For local leaders worried about a huge wave of homelessness in their communities, last week’s announcement of a new federal moratorium on residential evictions was welcome news.
The unprecedented action by the Centers for Disease Control and Prevention goes far beyond a previous federal moratorium that expired in July. The new order applies to as many as 40 million renters living in any rental property, not just federally subsidized units, as was the case under the earlier measure.
As details of the CDC’s action emerge, however, there’s reason for local leaders to remain concerned about renters who’ve lost jobs and income during the COVID-19 pandemic. While the CDC order delays evictions for nonpayment of rent, it doesn’t help renters dig out of any debts they owe to landlords.
“They make it very, very clear that your financial obligation is not being waived,” Houston Mayor Sylvester Turner told KHOU news. “At some point, it’s going to have to be paid.”
The CDC order does a number of things. It temporarily halts residential evictions through December 31 — and does not preclude state or local governments from imposing their own more restrictive measures. To qualify for this protection, tenants must expect to earn no more than $99,000 in income this year (or $198,000 for joint filers). They also must certify that they’ve suffered a substantial loss of income, that they’re paying as much rent as they can, and that they’re seeking all available government assistance for rent or housing.
Unlike the previous federal moratorium, the CDC’s order comes with penalties for landlords who violate it. Individuals can be fined up to $250,000 and jailed for a year; corporate landlords can be fined up to $500,000 per violation. (Read the full CDC order here.)
There are several key things the CDC order doesn’t do. In addition to leaving the issue of tenants’ debts unaddressed, it doesn’t preclude landlords from charging and collecting fees, penalties, or interest. Further, it doesn’t prevent evictions for reasons other than nonpayment of rent, and it doesn’t protect homeowners from foreclosure.
In addition, the moratorium is likely to be challenged in court. The order tests the limits of the CDC’s authority by arguing that a rise in evictions would lead to more homelessness and potentially compound COVID outbreaks. Groups representing landlords and other real estate interests have denounced the measure; according to the leading association for the apartment industry, “the stability of the entire rental housing sector is thrown into question.”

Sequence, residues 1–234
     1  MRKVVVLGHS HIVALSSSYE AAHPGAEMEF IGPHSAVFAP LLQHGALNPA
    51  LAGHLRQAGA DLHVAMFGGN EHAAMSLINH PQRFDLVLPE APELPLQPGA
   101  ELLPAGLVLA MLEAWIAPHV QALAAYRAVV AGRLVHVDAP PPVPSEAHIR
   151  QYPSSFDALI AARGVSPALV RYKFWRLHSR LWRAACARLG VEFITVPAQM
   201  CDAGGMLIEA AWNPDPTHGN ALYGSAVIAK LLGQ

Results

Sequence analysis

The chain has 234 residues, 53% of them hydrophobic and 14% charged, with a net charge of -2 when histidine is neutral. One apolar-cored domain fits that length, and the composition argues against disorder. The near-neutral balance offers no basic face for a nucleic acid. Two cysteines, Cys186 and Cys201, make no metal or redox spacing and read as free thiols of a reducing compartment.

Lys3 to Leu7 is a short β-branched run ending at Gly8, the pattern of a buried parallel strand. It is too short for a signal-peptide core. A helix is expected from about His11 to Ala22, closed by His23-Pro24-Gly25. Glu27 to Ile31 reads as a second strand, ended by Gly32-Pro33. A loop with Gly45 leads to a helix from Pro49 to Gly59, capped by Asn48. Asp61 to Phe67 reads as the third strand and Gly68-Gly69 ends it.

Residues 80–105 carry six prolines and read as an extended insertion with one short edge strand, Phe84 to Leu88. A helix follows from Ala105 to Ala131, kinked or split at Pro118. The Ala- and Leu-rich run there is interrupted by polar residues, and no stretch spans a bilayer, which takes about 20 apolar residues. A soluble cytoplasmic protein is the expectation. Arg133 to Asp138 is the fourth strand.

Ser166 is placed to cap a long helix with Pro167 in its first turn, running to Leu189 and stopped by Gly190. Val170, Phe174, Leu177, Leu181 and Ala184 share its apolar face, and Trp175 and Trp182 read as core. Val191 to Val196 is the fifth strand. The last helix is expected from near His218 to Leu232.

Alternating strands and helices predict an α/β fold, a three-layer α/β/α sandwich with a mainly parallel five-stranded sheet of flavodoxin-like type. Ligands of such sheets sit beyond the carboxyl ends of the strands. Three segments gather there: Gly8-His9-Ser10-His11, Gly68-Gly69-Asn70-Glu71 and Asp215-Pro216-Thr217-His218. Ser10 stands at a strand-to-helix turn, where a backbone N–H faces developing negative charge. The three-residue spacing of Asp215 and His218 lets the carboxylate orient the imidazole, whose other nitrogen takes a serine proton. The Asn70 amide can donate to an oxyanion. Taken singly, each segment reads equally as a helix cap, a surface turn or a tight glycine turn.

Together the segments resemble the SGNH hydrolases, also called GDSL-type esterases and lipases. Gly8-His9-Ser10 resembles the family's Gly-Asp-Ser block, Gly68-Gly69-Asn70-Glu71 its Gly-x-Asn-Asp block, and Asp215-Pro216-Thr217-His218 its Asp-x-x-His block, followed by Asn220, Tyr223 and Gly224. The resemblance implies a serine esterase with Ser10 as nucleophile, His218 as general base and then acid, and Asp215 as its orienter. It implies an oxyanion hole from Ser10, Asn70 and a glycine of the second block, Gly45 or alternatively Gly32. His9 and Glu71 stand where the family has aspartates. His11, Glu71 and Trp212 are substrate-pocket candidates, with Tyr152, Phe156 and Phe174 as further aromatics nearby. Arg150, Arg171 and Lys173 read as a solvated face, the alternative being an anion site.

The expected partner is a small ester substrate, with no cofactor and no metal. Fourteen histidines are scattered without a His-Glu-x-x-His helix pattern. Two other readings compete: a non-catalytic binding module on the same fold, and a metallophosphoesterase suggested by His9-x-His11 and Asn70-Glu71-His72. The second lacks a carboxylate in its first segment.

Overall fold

For city leaders, there are a number of implications. One is that there remains a major role for cities to play in offering renters emergency housing assistance. During the pandemic, dozens of cities have created programs to help tenants pay rent, often by cobbling together a mix of federal, state, local, and philanthropic funds. For example, a $60-million fund set up by the city of Houston and Harris County, Texas, offers tenants roughly $2,000 in help, with the aid paid directly to landlords.
While these rental assistance programs add up to just a fraction of the $100 billion housing advocates say is needed to avert a crisis, they do something eviction moratoriums don’t by chipping away at backlogs of unpaid rent. The CDC order encourages states and local governments to put federal CARES Act funds and other federal grant dollars toward this purpose.
Cities also have a role in educating tenants about how the federal moratorium works. In order to invoke the CDC’s eviction protections, each adult listed on a lease must sign a declaration form stating that they meet the eligibility criteria and give it to their landlord. While legal aid groups have already begun outreach, a major effort — in multiple languages — will be necessary to get the word out to tenants about what they must do to stay in their homes.
Local leaders also can play a role in enforcement and tenant advocacy. Just because an eviction moratorium is in place doesn’t mean landlords won’t try pushing tenants out through other means; research has shown that “informal evictions” happening outside the legal system account for about half of all forced moves.
A recent collaboration in Memphis shows one way cities can intervene in this gray area.
When the previous federal evictions moratorium was in place, researchers at Innovate Memphis, the city’s nonprofit innovation team, analyzed the data on local eviction filings. They found 60 cases where landlords had filed evictions in violation of the federal moratorium, and partnered with several local players including Neighborhood Preservation, Inc., Memphis Area Legal Services, and the University of Memphis, to fight those filings. All of the cases were dismissed.
“We were able to intervene before the cases were heard in court,” said Austin Harrison, a researcher who consults with Innovate Memphis. Harrison said he’ll be scouring the CDC’s order for new opportunities to use data to identify illegal evictions and advocate for tenants in need. “Once we get our arms around the details of what the CDC moratorium entails, it’ll give us similar opportunities,” he said. “I’m going to need to strategize a little with the lawyers.”